Oops!!

I made the same mistake as him, by finding that for the first half he had 105, and the second half he had 120, so our answer is 105+120=225. But, why is it the harmonic mean that works? I'm still so confused! Also, maybe there is an overlap in the first half and the second? Also, for anyone who doesn't know what the harmonic mean is, it is
$$\text{harmonic mean}=\frac{1}{\frac{2}{x}+\frac{2}{y}} $$where x and y are the speeds for a half of the roundtrip right?

@professionalbronco That's close! The harmonic mean is actually equal to 2/(1/x + 1/y), or 1/(1/(2x) + 1/(2y)).
To make it a bit clearer why the average speed is the harmonic mean, we can derive it from the beginning...
So again, we go half the distance at x km/hr and half at y km/hr. Let's say that the total distance is k km. Then, we go (k/2) km at the speed x km/hr and (k/2) km at the speed y km/hr.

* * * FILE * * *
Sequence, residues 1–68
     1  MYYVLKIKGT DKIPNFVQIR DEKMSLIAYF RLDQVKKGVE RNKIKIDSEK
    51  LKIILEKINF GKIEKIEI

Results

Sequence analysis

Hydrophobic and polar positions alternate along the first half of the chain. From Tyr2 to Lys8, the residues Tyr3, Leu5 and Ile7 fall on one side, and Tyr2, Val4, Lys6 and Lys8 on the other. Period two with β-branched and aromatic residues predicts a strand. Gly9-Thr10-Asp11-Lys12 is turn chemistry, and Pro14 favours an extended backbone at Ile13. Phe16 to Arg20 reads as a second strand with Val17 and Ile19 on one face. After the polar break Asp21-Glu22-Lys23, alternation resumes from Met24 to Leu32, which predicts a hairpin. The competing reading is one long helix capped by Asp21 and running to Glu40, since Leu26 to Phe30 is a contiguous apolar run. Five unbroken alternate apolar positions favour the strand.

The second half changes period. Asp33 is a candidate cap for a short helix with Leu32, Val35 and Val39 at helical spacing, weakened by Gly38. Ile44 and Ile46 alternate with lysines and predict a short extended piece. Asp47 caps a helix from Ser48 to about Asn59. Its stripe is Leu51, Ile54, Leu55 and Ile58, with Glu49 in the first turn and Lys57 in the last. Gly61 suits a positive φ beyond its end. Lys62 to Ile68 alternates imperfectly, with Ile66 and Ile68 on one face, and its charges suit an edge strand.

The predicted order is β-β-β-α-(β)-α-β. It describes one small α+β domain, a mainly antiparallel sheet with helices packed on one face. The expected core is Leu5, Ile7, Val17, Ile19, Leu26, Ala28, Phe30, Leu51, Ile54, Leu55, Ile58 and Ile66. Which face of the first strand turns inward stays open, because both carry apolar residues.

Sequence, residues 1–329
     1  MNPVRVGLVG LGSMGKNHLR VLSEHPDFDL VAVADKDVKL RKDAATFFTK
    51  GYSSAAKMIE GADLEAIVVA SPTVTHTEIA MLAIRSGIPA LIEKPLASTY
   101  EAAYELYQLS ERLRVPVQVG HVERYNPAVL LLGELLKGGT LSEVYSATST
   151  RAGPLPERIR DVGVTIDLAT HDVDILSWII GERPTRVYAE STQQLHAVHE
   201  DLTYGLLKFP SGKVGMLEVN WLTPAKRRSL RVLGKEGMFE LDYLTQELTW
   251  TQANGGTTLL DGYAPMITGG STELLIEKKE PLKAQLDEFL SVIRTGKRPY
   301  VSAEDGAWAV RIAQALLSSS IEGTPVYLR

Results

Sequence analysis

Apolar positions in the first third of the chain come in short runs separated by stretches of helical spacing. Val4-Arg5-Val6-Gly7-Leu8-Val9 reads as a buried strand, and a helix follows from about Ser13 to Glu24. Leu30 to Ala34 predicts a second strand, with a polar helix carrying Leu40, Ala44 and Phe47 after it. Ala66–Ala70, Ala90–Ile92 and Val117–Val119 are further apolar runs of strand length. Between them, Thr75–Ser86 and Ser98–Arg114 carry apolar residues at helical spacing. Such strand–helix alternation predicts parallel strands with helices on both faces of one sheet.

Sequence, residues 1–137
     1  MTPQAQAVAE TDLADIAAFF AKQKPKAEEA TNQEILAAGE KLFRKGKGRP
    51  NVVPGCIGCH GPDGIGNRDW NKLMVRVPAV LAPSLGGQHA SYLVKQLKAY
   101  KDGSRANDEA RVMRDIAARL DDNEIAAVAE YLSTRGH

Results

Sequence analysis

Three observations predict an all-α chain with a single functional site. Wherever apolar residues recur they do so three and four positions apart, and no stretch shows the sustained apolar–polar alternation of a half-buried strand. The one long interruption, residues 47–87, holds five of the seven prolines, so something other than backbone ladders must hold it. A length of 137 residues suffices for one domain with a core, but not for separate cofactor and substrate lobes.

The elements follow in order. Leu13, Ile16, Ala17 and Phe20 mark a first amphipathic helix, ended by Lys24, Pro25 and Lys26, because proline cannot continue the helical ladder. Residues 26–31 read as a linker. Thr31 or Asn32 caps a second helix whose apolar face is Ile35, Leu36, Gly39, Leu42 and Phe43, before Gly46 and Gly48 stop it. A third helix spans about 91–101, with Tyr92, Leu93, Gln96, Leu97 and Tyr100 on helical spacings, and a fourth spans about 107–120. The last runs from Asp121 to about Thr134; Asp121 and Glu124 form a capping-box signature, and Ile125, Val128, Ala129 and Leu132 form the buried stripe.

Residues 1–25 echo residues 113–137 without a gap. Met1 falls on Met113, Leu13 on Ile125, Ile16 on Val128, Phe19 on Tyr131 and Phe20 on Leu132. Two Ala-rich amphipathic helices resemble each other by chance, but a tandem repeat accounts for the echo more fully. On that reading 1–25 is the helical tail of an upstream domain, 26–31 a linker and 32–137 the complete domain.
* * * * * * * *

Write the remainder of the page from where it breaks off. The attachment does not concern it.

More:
And we want to find the average speed well, that's just the (total distance)/(total amount of time). We already know (total distance) = k, so let's find (total amount of time): it's equal to (total amount of time going the first k/2 km) + (total amount of time going the second k/2 km).
Well, for the first k/2 km, we see that it takes (k/2) km * hr/x km = k/(2x) hr. And the second k/2 km takes k/(2y) hr. Meaning, we have a total time being k/(2x) + k/(2y).
Finally, the average speed is k/(k/(2x) + k/(2y)) = 1/(1/(2x) + 1/(2y)) = 2/(1/x + 1/y), or the harmonic mean of x and y.
So that's another way to figure it out, besides the faster but maybe a little less intuitive way Prof. Loh brings up in the video. The good thing is, once you understand how it's derived, then you can apply it without deriving every single time
Hope this helped!
(Also, as a general sidenote: you can take the harmonic mean of more than 2 numbers in which case, the harmonic mean equals (the # of #'s)/(the sum of all the reciprocals of the numbers), which does come out to be 2/(1/x + 1/y) for 2 terms)